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Dissection of the Carotid and Vertebral Arteries

A New Theory About Wrestlers Dying Young


Dissection of the Carotid and Vertebral Arteries

MR Angiogram Showing Both an Open and Dissected VA

© 2008 Dr. Carney
Without a doubt, the worst part of being a fan of wrestling has been seeing our heroes die at such an early age. While most of the attention has focused on the hearts, brains, and the drugs in the blood stream of the wrestlers, there may be one important piece of the puzzle which has been ignored until now. The path that the blood flows through as it moves from the heart to the brain.

Dr. Andrew L. Carney, a Professor at the University of Illinois at Chicago, suspects that the problem wrestlers might be facing is the dissection of the carotid and vertebral arteries in the neck. A dissection happens when a tear occurs in the inner lining of an artery. Because of this, blood enters the space between the inner and outer lining of the artery which then results in the partial or complete blockage of the artery.

According to Dr. Carney, “Hyperextending the head or rotating the head aggressively can separate the inner lining of the artery from the outside wall.” Due to the nature of wrestling and some of the moves and shots to the head that wrestlers take, one can make the assumption that there is a greater potential for this type of injury to occur in wrestlers than for those in the general populace.

How long can a person live with this condition?
Dr. Carney told me the story of a karate fighter that had both his vertebral arteries occluded and suffered from bouts of fainting 15 years later.

What types of side effects can this injury have?
A person with a dissection of the carotid and vertebral arteries can suffer damage to their brain and cause changes in heart function. Less severe side effects to the brain include headaches, dizziness, and neck pain. More severe side effects to the brain include amnesia, apathy, and hallucinations.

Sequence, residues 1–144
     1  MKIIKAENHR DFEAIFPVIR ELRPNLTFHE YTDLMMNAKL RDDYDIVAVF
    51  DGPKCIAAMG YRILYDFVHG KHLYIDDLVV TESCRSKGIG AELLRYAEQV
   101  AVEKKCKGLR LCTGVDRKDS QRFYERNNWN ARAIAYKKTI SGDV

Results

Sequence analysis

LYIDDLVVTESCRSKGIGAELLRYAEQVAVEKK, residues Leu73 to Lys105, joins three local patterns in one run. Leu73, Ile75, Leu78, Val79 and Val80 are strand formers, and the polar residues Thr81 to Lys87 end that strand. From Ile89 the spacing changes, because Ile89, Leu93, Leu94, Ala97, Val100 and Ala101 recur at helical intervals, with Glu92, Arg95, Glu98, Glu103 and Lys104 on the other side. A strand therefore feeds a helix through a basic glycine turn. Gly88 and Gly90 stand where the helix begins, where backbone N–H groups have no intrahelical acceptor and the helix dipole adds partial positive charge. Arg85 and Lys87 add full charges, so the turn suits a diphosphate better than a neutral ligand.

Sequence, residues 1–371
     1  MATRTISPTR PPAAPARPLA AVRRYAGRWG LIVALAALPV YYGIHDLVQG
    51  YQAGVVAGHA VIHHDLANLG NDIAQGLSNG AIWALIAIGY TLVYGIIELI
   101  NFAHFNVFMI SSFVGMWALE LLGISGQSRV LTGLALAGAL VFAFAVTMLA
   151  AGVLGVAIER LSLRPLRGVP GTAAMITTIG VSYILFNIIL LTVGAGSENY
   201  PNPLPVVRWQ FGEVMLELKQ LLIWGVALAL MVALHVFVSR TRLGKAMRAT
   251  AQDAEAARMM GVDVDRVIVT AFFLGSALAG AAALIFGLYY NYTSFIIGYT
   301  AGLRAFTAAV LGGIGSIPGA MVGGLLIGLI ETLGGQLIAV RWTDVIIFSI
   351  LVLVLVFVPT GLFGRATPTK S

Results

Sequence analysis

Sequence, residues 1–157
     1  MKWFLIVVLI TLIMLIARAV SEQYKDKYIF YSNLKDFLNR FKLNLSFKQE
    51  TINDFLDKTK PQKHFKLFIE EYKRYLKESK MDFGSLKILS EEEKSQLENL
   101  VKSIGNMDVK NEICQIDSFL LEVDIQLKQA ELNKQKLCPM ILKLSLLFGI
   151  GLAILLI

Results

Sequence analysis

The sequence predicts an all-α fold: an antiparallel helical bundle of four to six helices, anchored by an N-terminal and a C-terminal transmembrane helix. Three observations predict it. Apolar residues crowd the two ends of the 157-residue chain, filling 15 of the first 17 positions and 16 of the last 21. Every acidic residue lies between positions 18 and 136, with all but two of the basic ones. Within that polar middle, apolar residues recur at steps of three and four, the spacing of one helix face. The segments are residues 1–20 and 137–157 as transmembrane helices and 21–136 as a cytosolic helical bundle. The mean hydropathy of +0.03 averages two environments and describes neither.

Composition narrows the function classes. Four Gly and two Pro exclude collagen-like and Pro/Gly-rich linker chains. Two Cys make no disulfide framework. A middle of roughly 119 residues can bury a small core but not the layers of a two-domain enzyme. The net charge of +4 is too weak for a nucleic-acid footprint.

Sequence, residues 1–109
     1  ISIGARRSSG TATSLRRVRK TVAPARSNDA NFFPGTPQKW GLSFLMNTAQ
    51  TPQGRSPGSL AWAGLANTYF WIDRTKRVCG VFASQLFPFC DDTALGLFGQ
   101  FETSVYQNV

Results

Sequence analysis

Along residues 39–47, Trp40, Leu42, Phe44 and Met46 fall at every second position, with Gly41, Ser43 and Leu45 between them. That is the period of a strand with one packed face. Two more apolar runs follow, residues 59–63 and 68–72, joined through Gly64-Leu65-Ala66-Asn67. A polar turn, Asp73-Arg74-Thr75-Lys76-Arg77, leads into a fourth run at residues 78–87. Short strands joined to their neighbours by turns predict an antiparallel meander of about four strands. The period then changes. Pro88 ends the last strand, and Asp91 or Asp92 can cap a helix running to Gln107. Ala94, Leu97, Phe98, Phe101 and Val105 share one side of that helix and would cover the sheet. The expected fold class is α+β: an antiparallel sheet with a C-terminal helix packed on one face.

In his book Dizziness, Fainting, Headache, and Neck Pain For Those Who Care, Dr. Carney states “The relationship between cardiac rate, rhythm and output and arterial obstruction cannot be stressed too seriously.” He tells the story of a patient that was diagnosed as having a myocardial infarction (in layman's term a heart attack) but really died due to a classic case of brain stem ischemia: collapse, respiratory arrest, and subsequent cardiac arrest.

Can this condition be diagnosed prior to death?
Yes. An MRI of the neck as well as an MR Angiogram should show if there is an arterial dissection.

Can a broken neck lead to an arterial dissection?
According to Dr. Carney, a broken neck does predispose a patient to arterial dissection and to symptoms later. As wrestling fans know, Chris Benoit once suffered a broken neck. Upon his death, an autopsy of his brain tissue revealed that he had the brain of an 85 year old man with Alzheimer’s.

Can the condition be repaired?
Yes. There is a surgical procedure that can fix the problem. In the case of people with brain damage caused by occlusion or dissection, if the artery is repaired then brain function can be restored.

Why haven’t wrestling fans heard of this before?
The only way that this injury can be determined after-death is by an autopsy of the neck. However, the autopsy of the neck is rarely done. Dr. Carney feels that the reason why is because it is difficult to do and that the undertakers and family object to disfiguring the neck.

Who is Dr. Carney?
He is a founding member and former President of Society of Neurovascular Surgery. In 1977, he performed the first-ever Vein Bypass from the Common Carotid Artery to the Vertebral Artery at the Skull Base.

Sources used include: correspondence with Dr. Carney, footage on Dr. Carney's website, Dizziness, Fainting, Headache, and Neck Pain by Dr. Carney, Sports Legacy Institute findings on Chris Benoit, Richard N. Fogoros, M.D., and http://adam.about.net

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